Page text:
London (change)
Today 15°C / 14°C
Tomorrow 16°C / 8°C

Living with lichen


by Pippa Greenwood

It's certainly been a year of surprises. The latest unusual visitor (or perhaps it will become a resident?) is the gelatinous lichen.


Pippa GreenwoodIt's certainly been a year of surprises. The latest unusual visitor (or perhaps it will become a resident?) is the gelatinous lichen. They were something we were asked about on occasion when I was working at the RHS gardens at Wisley giving out gardening advice to the RHS members...but never before have I had my own.

All of a sudden they cropped up, just down towards the bottom of the drive (which is basically soil that we compacted and then added scalpings to shortly after we moved in about 11 years ago). My son calmly asked me why we had bladder-wrack growing on the drive when he thought it should be on the seaside! The greeny brown bobbles looked just like that very common seaweed and at first sight I could see exactly what he meant. They disappeared again yesterday - presumably because we have now had so little rain for the last week or so. I wonder if anyone else had had them appear?



Discuss this blog post

Talkback: Living with lichen
Your comment will appear after a quick registration step

Gardeners' World Web User 19/09/2007 at 15:02

I have removed a number of leylandi trees, and replaced it with a wooden fence. the soil now looks all dried up and out of condition. Q. how can I bring it back to good condition, and what type of plants would grow in the plot now that it is cleared.?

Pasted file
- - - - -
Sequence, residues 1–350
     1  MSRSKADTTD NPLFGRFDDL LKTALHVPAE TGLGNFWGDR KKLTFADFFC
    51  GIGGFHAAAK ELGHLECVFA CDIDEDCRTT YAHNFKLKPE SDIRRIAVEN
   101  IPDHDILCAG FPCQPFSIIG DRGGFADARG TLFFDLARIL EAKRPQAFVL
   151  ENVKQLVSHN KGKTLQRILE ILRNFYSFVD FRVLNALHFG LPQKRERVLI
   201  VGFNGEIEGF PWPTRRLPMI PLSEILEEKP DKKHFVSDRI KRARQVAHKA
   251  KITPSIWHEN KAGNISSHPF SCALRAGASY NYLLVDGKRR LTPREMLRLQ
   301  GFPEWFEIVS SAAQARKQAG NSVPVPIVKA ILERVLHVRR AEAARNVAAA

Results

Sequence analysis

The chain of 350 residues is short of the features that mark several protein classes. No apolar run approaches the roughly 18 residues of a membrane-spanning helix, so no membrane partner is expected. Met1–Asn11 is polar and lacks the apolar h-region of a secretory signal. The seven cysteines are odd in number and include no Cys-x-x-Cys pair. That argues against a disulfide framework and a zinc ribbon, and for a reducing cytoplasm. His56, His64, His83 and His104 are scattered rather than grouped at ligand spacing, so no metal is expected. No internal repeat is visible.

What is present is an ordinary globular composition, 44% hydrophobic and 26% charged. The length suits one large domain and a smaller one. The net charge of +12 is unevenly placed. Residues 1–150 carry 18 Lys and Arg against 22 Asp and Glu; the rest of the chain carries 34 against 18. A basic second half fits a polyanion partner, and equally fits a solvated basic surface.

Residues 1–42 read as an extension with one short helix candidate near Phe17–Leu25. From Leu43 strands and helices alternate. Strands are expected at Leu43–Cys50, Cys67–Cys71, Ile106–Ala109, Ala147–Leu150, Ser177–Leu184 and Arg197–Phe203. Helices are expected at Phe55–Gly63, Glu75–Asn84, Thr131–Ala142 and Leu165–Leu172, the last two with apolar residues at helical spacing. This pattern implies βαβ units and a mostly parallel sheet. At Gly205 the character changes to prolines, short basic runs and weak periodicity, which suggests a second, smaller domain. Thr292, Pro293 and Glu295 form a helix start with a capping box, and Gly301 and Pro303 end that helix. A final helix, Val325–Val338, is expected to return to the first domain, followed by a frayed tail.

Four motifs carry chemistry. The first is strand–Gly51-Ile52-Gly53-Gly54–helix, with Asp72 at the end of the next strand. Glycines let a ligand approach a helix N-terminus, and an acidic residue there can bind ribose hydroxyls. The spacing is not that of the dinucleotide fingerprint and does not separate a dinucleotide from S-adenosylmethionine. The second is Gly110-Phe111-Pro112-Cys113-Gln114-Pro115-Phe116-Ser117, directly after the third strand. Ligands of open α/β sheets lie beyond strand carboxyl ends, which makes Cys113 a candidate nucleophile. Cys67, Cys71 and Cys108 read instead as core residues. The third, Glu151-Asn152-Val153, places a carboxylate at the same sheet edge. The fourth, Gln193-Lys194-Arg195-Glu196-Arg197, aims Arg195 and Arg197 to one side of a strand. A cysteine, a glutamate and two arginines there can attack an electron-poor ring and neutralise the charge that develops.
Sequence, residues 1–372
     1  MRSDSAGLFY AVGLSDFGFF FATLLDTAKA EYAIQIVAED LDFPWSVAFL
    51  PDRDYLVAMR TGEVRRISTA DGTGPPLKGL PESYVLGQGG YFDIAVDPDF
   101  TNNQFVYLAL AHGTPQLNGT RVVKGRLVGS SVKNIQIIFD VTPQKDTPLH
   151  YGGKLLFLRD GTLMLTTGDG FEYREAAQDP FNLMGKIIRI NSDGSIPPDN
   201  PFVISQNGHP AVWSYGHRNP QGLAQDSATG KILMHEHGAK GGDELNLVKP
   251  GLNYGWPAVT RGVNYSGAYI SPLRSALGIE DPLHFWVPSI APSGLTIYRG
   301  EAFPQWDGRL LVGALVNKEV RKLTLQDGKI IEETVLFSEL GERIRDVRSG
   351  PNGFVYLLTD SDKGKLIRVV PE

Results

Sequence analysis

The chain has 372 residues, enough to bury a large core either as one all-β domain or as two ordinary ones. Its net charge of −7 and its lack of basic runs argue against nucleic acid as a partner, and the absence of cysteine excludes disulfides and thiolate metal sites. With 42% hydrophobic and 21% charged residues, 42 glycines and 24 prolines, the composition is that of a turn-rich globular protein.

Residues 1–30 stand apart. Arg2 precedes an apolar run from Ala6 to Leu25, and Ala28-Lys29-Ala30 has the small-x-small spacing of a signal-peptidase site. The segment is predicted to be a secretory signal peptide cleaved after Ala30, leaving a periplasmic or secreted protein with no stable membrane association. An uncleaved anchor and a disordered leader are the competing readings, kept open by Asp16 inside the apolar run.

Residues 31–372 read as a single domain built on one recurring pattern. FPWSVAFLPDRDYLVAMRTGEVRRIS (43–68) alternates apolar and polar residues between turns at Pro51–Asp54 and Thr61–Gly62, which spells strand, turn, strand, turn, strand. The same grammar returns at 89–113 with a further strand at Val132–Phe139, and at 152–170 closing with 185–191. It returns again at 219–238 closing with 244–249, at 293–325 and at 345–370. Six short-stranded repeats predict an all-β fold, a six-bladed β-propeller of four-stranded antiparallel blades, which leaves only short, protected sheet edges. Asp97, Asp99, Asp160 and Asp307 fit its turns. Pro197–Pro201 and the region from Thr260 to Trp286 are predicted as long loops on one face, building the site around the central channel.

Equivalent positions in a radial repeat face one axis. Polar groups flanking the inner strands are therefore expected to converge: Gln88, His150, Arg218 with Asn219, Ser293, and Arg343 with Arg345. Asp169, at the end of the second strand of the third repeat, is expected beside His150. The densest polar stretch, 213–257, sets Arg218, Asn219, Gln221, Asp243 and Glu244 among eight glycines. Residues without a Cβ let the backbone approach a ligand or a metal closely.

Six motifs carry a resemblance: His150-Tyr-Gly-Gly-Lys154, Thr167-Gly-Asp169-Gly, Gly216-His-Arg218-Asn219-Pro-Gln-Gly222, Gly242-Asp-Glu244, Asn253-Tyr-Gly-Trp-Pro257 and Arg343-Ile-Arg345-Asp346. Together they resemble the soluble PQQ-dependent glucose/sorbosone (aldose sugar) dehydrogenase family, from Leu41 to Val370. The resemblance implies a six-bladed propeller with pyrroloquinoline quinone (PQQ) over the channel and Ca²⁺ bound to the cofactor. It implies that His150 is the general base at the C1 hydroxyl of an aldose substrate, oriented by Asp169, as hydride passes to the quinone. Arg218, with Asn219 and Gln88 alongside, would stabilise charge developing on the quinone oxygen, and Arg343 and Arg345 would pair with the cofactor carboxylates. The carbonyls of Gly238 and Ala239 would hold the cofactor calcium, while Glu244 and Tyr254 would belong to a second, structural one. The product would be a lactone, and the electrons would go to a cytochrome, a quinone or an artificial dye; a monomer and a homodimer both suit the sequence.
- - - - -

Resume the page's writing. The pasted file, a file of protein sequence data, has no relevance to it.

Gardeners' World Web User 20/09/2007 at 20:08

We have a witch hazel tree in our garden which usually flowers just before Christmas (after all of the leaves have fallen) through until the end of January; sometimes longer. We have just noticed that it has started to flower in earnest and the leaves are still green. This has not happened before (29 years!)

Gardeners' World Web User 02/10/2007 at 23:09

I also had this on the edge of our drive,but have just had a new layer of chips put down, so it is not visible at present. It did come and go depending on the dampness.

Gardeners' World Web User 03/10/2007 at 18:08

Is Helianthus Lemon Queen a perennial? If so, how tall does it grow and should it be cut back? I have one in the garden smothered in flowers but it is about 8ft high and dwarfing everything else.

Gardeners' World Web User 04/10/2007 at 13:50

Doug: Just goes to show that lichens don't harm anything - if they're happy growing on a felt roof as you describe!

See more comments...